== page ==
That said, Newell notes that Brand Finance has also worked with smaller companies who might not have the budget to pay their usual consulting rates. “We can provide brand valuations for smaller companies that are interested in understanding what their brand is worth based on the publicly available information in our over 5000 valuations a year,” he said.
Increasing Brand Value
Every year, Brand Finance releases an annual report on the world’s most valuable retail brands. Topping the list in 2018 was Amazon, whose brand value rose 42 percent to $150.8 billion U.S. dollars. Also landing within the top five were Wal-Mart, Alibaba, Home Depot and IKEA.
“We’ve studied retail considerably and there are three things that make a retail brand valuable,” Newell said. “One, without a doubt, is having a very clear value proposition and reason for existing in a consumer’s mind. I mean, retail is where the rubber meets the road regarding choice and brand decision making.”
Newell said delivering a consistent experience is also critical to brand success. “When you look at the Wal-Mart, Home Depots and IKEAs around the world, they are hyper consistent from an operations standpoint,” Newell explained. “Your experience with the brand, from state to state or even country to country, is going to be very consistent. That helps to form a certain perception in the mind of the consumer.”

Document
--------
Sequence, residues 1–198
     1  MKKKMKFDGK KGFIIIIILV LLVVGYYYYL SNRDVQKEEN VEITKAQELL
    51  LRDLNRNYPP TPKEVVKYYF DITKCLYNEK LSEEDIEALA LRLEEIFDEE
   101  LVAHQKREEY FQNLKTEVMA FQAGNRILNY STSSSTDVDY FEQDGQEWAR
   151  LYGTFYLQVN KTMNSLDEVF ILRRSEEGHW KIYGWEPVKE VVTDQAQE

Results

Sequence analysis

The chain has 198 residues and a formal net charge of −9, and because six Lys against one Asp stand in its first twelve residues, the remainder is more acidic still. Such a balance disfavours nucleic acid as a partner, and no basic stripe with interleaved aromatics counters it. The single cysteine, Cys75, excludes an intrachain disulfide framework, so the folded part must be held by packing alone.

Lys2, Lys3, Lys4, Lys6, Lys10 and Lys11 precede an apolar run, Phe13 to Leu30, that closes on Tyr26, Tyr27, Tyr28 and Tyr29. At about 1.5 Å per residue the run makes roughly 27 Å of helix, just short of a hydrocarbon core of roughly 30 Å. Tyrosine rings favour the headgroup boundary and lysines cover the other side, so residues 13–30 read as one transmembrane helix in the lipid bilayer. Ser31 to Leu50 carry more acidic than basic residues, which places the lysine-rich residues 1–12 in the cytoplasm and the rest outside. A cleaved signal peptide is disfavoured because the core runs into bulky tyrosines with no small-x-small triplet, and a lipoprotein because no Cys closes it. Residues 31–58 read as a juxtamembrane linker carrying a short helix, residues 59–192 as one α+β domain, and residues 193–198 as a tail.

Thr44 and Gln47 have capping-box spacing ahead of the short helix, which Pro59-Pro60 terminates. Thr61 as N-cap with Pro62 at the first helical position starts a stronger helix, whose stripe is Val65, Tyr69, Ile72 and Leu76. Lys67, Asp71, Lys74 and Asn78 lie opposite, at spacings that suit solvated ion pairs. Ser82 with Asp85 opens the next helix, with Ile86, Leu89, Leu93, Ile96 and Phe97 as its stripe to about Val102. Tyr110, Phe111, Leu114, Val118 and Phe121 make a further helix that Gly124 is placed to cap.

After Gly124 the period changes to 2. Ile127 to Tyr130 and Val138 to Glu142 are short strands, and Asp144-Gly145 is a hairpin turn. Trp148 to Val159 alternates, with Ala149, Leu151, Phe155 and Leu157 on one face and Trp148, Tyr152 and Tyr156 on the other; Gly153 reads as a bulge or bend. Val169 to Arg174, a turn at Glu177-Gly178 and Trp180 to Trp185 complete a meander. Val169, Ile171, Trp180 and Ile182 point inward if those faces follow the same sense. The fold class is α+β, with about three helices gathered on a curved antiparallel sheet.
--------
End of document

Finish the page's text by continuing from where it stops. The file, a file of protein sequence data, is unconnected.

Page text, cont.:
Finally, coherence across the branded touchpoint adds value. “You don’t want to provide mixed messages,” Newell said. “You basically want to identify what the three or four things are that make your brand tick and make sure you’re conveying that message across every touchpoint, be it mass media, the Internet, digital or couponing. Strong brands tell the same story at every opportunity when placed in front of a consumer.”
Newell said that Brand Finance is always looking for ways to further differentiate their services from the rest of the marketplace. “That’s what keeps us on our toes,” he adds. “One of those things is the intellectual property we provide. Our brand value ranking industry tables are the biggest –whether it be airlines, restaurants, oil and gas, telecoms, financial services, banks, even stock markets—we have so much information coming out continuously.”
Learn more about Brand Finance at brandfinance.com.